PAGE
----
Companies have taken drastic steps to make their products as eco-friendly as possible. Even those products that really can't be eco-friendly to begin with now have recycled packaging and may have removed some of the more egregious ingredients. Unfortunately, some things can't be changed, and one of those is the aerosol can. No matter what, you really don't want to toss these in the trash. You need to take them to an aerosol disposal service that will treat and dispose of the ingredients and packaging properly.
This Is a Household-Cleaner Spray Can. Why Does It Need Special Disposal?
Aerosol cans have a couple of issues restricting them to the land of special disposal. One is that the ingredients they usually hold are not suitable for the trash. They can be hazardous, like pesticide or paint, or they can be smelly, and the container can break open if crushed in the garbage truck, leading to leaks of cleaners and other substances down the street.
Another problem is that the cans are under pressure and can burst if they become overheated. The gases created by the substances left inside—even the residue—can overheat and cause the can sides to swell. While the bursting can't really be called an explosion, it can injure people nearby as shards from the metal can go flying.
Keep in mind, aerosol cans are different from spray bottles. Spray cans are fully enclosed; the only way to get the material inside out of the can is to spray it out. Spray bottles have removable tops; you can wash them out, and they are typically not pressurized. If you have a spray bottle full of vinegar, you can dump the vinegar in the sink and toss the spray bottle in the trash. A spray or aerosol can, however, still needs to be sent to a disposal company.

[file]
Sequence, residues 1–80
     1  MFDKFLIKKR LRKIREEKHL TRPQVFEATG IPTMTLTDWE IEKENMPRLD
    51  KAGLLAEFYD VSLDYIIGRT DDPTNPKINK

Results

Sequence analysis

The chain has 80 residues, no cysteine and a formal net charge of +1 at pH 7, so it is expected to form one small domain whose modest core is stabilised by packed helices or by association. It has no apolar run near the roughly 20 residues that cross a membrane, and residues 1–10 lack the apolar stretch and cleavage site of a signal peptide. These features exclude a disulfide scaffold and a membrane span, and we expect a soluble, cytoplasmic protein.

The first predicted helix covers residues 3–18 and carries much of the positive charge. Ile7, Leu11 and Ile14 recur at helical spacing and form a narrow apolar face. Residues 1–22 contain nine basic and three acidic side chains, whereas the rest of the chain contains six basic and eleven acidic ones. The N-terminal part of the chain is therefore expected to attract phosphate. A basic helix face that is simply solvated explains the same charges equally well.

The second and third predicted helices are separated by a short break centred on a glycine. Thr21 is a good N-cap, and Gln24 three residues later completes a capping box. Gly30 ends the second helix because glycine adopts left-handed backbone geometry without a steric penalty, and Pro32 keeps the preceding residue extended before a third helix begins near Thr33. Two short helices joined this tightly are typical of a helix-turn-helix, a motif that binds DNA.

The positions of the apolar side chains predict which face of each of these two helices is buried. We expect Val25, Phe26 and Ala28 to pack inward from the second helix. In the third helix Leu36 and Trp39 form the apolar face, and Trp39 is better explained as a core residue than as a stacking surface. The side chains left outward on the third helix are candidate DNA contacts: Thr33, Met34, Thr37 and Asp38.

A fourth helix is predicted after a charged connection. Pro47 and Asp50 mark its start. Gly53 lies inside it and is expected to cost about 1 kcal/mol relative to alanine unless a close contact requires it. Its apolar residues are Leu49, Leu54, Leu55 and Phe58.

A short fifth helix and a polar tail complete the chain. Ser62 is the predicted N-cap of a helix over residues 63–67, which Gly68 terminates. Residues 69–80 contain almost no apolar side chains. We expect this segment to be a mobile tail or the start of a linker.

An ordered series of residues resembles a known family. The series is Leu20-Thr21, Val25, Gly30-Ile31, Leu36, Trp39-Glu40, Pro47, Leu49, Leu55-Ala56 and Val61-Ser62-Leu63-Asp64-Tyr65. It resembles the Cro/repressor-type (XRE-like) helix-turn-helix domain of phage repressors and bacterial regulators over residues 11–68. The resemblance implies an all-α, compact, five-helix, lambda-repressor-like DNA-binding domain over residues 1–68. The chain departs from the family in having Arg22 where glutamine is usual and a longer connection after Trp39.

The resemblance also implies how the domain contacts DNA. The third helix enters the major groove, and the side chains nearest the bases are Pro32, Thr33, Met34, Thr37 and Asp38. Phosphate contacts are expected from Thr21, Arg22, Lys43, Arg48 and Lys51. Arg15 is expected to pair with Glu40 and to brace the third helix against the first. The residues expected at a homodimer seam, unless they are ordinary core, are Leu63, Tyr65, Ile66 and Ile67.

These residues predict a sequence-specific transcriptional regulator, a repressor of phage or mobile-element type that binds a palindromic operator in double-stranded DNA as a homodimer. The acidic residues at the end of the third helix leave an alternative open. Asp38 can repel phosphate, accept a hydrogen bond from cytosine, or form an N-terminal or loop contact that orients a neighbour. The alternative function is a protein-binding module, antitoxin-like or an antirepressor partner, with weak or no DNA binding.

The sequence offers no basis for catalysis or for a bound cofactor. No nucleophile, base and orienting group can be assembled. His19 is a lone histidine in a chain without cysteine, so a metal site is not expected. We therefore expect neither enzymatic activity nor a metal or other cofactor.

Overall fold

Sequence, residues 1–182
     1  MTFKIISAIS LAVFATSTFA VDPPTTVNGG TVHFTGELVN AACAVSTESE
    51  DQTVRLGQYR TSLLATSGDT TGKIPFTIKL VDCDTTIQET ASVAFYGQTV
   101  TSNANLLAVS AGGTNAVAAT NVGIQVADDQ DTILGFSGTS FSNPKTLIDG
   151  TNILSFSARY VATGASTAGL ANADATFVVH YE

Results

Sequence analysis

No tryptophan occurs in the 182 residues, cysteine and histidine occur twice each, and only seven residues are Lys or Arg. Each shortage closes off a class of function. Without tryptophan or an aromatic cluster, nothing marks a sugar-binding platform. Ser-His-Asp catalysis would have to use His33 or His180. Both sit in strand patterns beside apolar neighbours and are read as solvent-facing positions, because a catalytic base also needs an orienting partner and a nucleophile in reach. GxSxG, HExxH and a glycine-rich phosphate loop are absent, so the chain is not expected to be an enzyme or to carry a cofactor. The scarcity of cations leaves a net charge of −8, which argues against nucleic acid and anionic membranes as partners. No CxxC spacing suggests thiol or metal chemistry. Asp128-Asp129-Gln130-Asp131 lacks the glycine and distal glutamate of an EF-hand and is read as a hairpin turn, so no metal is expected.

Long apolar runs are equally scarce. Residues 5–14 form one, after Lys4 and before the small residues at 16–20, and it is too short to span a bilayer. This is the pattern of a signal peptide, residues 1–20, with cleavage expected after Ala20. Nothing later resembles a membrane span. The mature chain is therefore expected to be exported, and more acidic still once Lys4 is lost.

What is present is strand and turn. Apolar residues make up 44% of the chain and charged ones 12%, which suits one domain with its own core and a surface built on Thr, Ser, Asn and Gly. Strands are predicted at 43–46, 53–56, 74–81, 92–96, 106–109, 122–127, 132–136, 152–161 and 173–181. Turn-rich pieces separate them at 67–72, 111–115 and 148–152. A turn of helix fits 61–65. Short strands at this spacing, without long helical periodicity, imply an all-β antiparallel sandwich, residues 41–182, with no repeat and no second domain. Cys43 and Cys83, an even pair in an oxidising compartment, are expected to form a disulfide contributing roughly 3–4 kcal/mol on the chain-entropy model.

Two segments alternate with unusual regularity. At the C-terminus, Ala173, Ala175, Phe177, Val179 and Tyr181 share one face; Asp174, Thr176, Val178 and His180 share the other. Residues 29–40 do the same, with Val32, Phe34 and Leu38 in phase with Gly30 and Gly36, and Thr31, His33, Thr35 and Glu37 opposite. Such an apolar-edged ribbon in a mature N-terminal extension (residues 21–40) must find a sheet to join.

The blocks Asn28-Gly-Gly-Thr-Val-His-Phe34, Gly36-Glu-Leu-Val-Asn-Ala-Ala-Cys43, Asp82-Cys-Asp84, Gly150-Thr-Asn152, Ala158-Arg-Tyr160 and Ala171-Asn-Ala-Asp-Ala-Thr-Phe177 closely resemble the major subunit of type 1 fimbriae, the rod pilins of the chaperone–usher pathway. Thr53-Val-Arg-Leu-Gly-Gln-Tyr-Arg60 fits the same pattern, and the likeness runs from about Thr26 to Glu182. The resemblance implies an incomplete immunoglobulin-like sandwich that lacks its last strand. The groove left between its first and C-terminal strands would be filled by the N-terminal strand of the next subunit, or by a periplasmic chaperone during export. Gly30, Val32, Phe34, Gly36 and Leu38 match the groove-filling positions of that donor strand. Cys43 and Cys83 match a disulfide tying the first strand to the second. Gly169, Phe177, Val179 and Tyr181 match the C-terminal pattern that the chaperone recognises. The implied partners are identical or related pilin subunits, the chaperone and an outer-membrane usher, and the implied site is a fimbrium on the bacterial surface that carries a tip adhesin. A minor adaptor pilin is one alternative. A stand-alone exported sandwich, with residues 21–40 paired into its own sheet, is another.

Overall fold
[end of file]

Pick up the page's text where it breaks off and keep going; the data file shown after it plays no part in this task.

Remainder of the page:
Why Can't Empty Aerosol Cans Be Thrown in the Trash?
So, you've used up all of the substance inside the can, to the point where you can't hear or feel anything move when you shake the can. You still can't toss it in the trash. Again, it's a matter of residue and environmental unfriendliness; while the can may be technically empty, there's still a coating on the inside of the can of whatever used to fill the space. If the can breaks open, that substance will be exposed to the environment.
Finding an aerosol disposal company is actually pretty easy; if nothing else, you can take the cans to your city or county's household hazardous waste disposal center. If you're with a company and have industrial cleaners that your city or county won't take, you can call a private company just like you would a junk-removal or private garbage-pickup company. Get those aerosol cans off your property and into the hands of people who can safely recycle the metal cans and dispose of the chemicals those cans used to hold.